Long live the digital transformation — given that it’s secure.
Ignoring stock market gyrations and macroeconomics, the fact is that we are far from finished applying new digital approaches to solving intractable payments problems, namely fraud.
Money mobility, for example, is dogged at every step by fraud and risk despite billions of dollars in investment because fraudsters have big resources too. There’s a constant need to put money in transit and enable new transfers and payments while managing the risk.
To that end, FinTech Ingo Money is bringing its new Inbound Digital Transfer and Risk Services to market in May, taking a novel approach to fraud and risk management. It’s an application programming interface (API) with some interesting new capabilities.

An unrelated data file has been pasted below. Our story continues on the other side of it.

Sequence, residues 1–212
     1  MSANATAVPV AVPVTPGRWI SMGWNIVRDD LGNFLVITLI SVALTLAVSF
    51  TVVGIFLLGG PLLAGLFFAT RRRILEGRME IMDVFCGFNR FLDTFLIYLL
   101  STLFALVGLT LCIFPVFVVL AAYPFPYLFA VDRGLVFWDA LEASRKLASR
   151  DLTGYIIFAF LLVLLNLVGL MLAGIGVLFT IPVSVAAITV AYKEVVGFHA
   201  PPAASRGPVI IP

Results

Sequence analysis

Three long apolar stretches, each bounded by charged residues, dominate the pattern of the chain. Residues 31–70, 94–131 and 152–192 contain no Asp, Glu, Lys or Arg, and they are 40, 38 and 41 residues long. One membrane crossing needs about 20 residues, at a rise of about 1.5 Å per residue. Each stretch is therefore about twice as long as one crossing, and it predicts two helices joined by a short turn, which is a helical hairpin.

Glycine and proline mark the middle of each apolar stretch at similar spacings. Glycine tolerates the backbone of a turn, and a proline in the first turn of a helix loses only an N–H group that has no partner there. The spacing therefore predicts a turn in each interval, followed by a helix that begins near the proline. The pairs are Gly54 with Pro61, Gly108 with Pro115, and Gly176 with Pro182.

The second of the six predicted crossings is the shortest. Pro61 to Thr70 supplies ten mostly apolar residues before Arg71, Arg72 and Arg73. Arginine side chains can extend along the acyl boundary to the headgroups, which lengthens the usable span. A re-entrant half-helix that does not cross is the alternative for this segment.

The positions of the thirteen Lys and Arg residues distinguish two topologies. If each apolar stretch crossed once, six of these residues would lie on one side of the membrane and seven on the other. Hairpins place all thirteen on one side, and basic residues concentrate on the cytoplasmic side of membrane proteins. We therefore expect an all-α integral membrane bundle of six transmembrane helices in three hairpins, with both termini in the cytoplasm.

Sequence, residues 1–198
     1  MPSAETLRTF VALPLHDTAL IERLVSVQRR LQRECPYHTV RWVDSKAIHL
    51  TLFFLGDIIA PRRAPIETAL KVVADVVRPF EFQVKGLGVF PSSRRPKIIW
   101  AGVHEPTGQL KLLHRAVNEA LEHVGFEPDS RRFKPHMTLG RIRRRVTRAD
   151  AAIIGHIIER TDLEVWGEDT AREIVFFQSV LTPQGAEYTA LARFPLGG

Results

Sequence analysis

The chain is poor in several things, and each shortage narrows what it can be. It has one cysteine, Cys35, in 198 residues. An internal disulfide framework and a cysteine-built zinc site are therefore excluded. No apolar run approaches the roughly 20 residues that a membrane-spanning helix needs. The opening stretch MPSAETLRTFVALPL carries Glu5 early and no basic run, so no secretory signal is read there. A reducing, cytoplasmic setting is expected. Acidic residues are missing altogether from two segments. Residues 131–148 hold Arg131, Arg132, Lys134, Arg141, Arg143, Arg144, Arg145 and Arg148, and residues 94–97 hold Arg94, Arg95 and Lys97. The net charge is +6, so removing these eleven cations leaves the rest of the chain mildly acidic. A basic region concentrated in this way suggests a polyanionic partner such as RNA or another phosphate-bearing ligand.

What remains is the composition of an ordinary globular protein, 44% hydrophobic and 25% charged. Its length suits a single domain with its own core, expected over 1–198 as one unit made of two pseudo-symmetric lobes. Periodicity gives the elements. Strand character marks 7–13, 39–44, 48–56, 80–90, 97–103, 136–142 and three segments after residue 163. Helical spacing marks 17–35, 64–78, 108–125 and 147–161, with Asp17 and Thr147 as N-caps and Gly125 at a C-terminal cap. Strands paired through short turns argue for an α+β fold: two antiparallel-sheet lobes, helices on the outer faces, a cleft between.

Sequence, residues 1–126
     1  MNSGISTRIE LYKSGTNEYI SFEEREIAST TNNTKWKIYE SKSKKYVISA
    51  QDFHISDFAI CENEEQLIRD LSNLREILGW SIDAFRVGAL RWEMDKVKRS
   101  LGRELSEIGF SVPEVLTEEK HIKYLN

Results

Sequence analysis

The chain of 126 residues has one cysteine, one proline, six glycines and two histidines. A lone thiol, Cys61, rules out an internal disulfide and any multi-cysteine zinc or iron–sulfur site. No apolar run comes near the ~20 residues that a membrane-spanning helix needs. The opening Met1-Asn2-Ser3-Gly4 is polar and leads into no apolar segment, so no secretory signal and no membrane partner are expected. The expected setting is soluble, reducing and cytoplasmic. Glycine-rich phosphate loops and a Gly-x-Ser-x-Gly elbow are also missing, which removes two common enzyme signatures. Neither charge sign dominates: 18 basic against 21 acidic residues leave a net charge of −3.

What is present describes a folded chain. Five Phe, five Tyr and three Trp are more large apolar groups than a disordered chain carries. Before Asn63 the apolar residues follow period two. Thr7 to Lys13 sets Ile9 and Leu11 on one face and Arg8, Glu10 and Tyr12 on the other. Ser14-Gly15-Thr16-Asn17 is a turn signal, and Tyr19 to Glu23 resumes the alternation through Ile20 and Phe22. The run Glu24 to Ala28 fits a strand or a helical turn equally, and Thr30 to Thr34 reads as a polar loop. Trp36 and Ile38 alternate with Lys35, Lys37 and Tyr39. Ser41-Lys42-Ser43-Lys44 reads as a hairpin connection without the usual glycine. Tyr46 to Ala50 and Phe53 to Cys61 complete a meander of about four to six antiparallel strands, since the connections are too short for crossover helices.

In a conversation with PYMNTS’ Karen Webster, Ingo Money CEO Drew Edwards and Executive Vice President and Chief Product Officer Lisa McFarland talked up the new offering, designed to protect issuers from fraud risk associated with inbound debit, digital wallet and bank account transfers, without introducing friction to the customer experience.
Why now? Edwards said demand is coming from basically every bank-like entity.
“Traditional banks that are moving into the digital realm and are opening new accounts online, the neobanks or the challenger banks or the issuers of all types in that space that are opening new accounts and looking to fund those accounts safely and experiencing fraud,” he said.
Giving a somewhat grim assessment, McFarland said that when issuers are confronted with fraud, they can’t adequately control their answer.
“Unfortunately for them and for their customers, [their answer] has been to restrict access to this type of funds transfer capability,” she said. “They don’t have a way to manage it, so they’ve just … cut it off entirely.”
That’s money immobility, which is anathema to payments. Inbound Digital Transfer and Risk Services aims to quell issuers’ fears in this area by taking on the responsibility for risk itself.